Kim Jong-un has had 421 officials executed with some fed alive to animals, burned with flamethrowers, report states

Report by Seoul-based North Korea Strategy Centre states multiple officials faced imprisonment or even death for minor infractions like slouching during events attended by Kim


                            Kim Jong-un has had 421 officials executed with some fed alive to animals, burned with flamethrowers, report states

North Korean dictator Kim Jong-un is using barbaric methods to "purge" his officials to maintain his hold over the totalitarian regime, according to an investigation report released by South Korea.

The report, which was released just days before Kim was to meet US President Donald Trump in Hanoi, claims that Kim has had at least 420 officials executed and exiled ever since coming to power in 2011.

The report states in gruesome details how he had some of the officials fed naked to hunting dogs, burned alive by flamethrowers, hanged, and blown up with anti-aircraft guns.

The report names over 50 victims who were "purged" during Kim's regime, while adding that hundreds more were executed by their supreme leader but were never named.

In certain cases, entire families of officials have also been executed while others were sent to concentration camps to be "erased from society," the Daily Mail reported. The report was released and analyzed at a Human Rights panel discussion last Friday in Washington.

(EDITORIAL USE ONLY, NO COMMERCIAL USE) North Korean leader Kim Jong Un attends a lunch at the Okryugwan restaurant on September 19, 2018 in Pyongyang, North Korea. (Gety Images)
(EDITORIAL USE ONLY, NO COMMERCIAL USE) North Korean leader Kim Jong Un attends a lunch at the Okryugwan restaurant on September 19, 2018 in Pyongyang, North Korea. (Gety Images)

The North Korean leader is also said to have ordered the execution of his own family members, including his uncle Jang Song Thaek, who was executed in 2013, and his half-brother Jong-nam, whose assassination at a Malaysian airport in 2017 made headlines across the country. 

According to accounts from high-ranking defectors, when Jong-un had his uncle Jang killed, "over 15 people were also killed and 400 others were purged."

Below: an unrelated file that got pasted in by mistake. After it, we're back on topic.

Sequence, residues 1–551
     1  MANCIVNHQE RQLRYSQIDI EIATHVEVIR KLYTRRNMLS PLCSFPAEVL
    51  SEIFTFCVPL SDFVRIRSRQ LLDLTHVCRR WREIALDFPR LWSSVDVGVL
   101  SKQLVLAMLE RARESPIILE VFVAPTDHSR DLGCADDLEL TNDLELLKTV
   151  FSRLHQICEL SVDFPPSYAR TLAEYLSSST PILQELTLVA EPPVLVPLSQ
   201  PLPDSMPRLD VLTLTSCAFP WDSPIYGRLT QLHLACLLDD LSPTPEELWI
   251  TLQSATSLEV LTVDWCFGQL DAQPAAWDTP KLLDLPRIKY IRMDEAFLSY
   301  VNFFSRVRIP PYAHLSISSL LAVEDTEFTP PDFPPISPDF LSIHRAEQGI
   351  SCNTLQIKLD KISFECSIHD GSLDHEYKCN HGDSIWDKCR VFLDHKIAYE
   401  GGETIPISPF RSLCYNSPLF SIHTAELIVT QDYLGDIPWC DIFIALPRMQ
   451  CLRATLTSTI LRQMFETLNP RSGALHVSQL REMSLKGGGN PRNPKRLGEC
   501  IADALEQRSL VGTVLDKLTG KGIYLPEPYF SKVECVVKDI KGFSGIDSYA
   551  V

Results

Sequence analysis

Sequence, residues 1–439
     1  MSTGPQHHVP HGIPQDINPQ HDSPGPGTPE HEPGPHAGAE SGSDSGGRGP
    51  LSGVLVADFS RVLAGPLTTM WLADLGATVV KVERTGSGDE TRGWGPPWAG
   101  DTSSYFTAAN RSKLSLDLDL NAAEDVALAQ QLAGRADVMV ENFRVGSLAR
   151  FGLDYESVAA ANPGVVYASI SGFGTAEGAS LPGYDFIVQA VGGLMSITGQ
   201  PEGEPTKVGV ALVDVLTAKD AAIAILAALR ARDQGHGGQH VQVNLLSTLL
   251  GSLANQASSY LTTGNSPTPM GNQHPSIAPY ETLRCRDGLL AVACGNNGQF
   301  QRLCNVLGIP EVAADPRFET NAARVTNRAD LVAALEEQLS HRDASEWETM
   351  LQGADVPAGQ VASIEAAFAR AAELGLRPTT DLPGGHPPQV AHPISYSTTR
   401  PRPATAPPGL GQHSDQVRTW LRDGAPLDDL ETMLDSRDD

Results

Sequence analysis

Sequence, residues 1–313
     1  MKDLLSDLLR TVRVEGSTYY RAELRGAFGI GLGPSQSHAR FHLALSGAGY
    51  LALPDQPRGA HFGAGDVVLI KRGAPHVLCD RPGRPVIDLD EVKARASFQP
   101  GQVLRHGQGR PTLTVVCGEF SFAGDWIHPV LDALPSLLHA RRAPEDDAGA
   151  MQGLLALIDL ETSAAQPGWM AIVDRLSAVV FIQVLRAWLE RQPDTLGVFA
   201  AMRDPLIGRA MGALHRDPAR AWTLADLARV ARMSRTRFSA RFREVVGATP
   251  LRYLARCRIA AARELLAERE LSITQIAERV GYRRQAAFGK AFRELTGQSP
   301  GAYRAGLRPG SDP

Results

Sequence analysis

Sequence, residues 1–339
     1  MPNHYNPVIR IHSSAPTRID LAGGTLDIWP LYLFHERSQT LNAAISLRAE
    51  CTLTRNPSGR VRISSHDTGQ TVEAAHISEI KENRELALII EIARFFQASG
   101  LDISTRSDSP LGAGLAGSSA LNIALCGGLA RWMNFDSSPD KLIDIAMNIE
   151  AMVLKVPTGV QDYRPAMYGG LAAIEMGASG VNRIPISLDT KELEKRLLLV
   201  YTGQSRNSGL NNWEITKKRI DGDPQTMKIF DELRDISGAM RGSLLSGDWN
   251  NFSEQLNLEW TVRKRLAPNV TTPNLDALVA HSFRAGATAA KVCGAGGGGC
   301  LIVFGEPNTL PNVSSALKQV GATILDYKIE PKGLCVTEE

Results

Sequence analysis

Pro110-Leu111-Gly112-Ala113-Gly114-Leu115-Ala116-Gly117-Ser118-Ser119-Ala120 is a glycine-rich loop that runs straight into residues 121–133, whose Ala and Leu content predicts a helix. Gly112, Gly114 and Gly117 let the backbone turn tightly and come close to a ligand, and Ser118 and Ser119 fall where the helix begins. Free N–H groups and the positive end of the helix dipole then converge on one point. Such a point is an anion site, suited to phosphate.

The report, titled 'Executions and Purges of North Korean Elites: An Investigation into Genocide Based on High-Ranking Officials' Testimonies', was researched by North Korea Strategy Centre (NKSC), which is based in Seoul.

The report details accounts of at least 14 North Korean elite group defectors, six North Korean officials in China and five other defectors who witnessed some of the executions. 

South Korean President Moon Jae-in (R) walks with North Korean leader Kim Jong Un (L) before their meeting at Paekhwawon State Guesthouse on September 19, 2018 in Pyongyang, North Korea. Kim and Moon meet for the Inter-Korean summit talks after the 1945 division of the peninsula, and will discuss ways to denuclearize the Korean Peninsula. (Getty Images)
South Korean President Moon Jae-in (R) walks with North Korean leader Kim Jong Un (L) before their meeting at Paekhwawon State Guesthouse on September 19, 2018 in Pyongyang, North Korea. Kim and Moon meet for the Inter-Korean summit talks after the 1945 division of the peninsula, and will discuss ways to denuclearize the Korean Peninsula. (Getty Images)

According to the investigation carried out by NKSC, it was found that the North Korean dictator ordered the execution of his uncle because he "sold the country's resources to foreign countries at a low price."

The report also states that multiple officials faced imprisonment or even death for minor infractions like slouching during an event which was attended by Kim.

A former student at Pyongyang Commercial College, identified as only Moon, in the report claimed that he had witnessed a 12-man public execution by soldiers using four anti-aircraft guns. He said that he saw four guns blowing up the victims one by one and later armored vehicles were used to crush the remains of the victims.

The former student claimed that he suffered from PTSD after witnessing the killings, according to Radio Free Asia (RFA).

A member of the Human Rights in North Korea's (HRNK) International Advisory Council, Jared Genser, last Friday explained that these brutal methods were employed by Kim to strike fear in the hearts of the entire population.

"They need to instill fear into people working for the authoritarian leader, and they need to keep people at bay by making them very fearful that anything they say or do could result in torture, extrajudicial killing, arbitrary detention and so forth," Genser said.